A quick data check as we head into the North American open shows equity futures positioning stocks for a lower open when the opening bell is rung. Obama just started his speech and press conference in Sweden, and a little nervousness over what he might say in regards to Syria has futures slightly in the red. Oil futures remain elevated, although displaying a modest offered tone ahead of the opening bell, as front-month WTI changes hands just north of $108/barrel.
With trade balance figures for the Canadian economy out of the way, the big focus for Loonie traders will be the Bank of Canada rate decision and the subsequent statement that accompanies it. The statement is due out at 10:00am EST, and while no change in the overnight lending rate is expected, traders will be parsing the language of the statement to see if they can glean any clues as to the future path of monetary policy for Canada. The last statement from Governor Poloz was fairly balanced, perhaps a little more focused on the downside risks to inflation and the persistent slack in the Canadian economy than his predecessor, so investors will be looking to see whether the central bank’s view has changed at all from their outlook in July. Because of the volatility that can be experienced in USDCAD surrounding the interpretation of central banker’s language, make sure to speak with your dealing teams ahead of the release to determine the best course of action to harness volatility and take advantage of the trading opportunity it can provide.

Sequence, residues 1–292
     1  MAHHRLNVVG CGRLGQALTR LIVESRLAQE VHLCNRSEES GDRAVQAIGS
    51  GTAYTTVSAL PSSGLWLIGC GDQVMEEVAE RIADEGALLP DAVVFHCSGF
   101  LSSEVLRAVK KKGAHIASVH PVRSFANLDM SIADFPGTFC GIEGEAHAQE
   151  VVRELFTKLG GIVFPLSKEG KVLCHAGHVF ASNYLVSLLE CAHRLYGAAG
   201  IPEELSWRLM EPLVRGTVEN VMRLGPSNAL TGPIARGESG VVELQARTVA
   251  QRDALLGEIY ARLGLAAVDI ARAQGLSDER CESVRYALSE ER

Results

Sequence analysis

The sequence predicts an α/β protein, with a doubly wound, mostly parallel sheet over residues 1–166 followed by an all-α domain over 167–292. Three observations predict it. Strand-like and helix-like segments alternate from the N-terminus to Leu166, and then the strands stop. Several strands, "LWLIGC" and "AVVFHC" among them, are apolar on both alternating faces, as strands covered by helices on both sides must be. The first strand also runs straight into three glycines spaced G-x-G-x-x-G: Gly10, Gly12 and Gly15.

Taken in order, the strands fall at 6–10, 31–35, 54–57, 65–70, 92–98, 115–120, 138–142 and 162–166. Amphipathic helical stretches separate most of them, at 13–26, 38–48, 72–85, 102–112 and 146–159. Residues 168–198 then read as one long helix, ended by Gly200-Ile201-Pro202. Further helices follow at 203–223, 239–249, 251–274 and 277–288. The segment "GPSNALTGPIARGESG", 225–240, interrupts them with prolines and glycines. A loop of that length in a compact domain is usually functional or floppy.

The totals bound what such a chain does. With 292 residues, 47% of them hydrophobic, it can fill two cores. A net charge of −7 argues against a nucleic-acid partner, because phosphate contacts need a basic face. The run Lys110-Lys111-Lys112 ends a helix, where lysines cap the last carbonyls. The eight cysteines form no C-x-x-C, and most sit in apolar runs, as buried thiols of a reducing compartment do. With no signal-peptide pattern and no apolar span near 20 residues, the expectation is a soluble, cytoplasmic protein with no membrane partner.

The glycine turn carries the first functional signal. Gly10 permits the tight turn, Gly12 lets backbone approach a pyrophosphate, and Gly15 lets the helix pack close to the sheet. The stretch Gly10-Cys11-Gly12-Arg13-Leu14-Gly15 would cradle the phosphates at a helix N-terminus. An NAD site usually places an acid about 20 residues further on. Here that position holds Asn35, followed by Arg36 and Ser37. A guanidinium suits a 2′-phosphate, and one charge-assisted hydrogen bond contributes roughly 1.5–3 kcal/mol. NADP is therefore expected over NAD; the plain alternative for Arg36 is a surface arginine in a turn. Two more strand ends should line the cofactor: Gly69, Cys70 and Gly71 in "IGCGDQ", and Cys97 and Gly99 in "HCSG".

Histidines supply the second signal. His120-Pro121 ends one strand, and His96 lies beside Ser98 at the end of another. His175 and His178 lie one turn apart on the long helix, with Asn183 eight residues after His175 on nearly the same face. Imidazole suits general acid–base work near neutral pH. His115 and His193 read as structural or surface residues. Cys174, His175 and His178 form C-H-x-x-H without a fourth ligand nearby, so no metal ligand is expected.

Further reading:Get the 5 most predictable currency pairs